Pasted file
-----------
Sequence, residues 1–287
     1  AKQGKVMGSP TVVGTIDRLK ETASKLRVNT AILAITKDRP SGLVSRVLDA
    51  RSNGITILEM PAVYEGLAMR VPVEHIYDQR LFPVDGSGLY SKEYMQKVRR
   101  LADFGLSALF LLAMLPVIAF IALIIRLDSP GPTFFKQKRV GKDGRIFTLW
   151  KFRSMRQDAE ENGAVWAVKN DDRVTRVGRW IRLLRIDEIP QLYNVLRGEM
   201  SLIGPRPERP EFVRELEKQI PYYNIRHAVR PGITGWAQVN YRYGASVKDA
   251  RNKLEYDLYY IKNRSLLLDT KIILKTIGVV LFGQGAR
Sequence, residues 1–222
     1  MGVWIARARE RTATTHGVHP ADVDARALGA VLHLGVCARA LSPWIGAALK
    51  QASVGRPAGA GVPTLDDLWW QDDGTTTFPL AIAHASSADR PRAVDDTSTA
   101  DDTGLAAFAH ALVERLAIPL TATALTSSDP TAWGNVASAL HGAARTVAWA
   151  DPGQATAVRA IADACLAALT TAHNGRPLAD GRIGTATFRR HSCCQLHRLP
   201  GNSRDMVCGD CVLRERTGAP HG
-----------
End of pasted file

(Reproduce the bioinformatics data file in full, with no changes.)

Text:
Sequence, residues 1–287
     1  AKQGKVMGSP TVVGTIDRLK ETASKLRVNT AILAITKDRP SGLVSRVLDA
    51  RSNGITILEM PAVYEGLAMR VPVEHIYDQR LFPVDGSGLY SKEYMQKVRR
   101  LADFGLSALF LLAMLPVIAF IALIIRLDSP GPTFFKQKRV GKDGRIFTLW
   151  KFRSMRQDAE ENGAVWAVKN DDRVTRVGRW IRLLRIDEIP QLYNVLRGEM
   201  SLIGPRPERP EFVRELEKQI PYYNIRHAVR PGITGWAQVN YRYGASVKDA
   251  RNKLEYDLYY IKNRSLLLDT KIILKTIGVV LFGQGAR
Sequence, residues 1–222
     1  MGVWIARARE RTATTHGVHP ADVDARALGA VLHLGVCARA LSPWIGAALK
    51  QASVGRPAGA GVPTLDDLWW QDDGTTTFPL AIAHASSADR PRAVDDTSTA
   101  DDTGLAAFAH ALVERLAIPL TATALTSSDP TAWGNVASAL HGAARTVAWA
   151  DPGQATAVRA IADACLAALT TAHNGRPLAD GRIGTATFRR HSCCQLHRLP
   201  GNSRDMVCGD CVLRERTGAP HG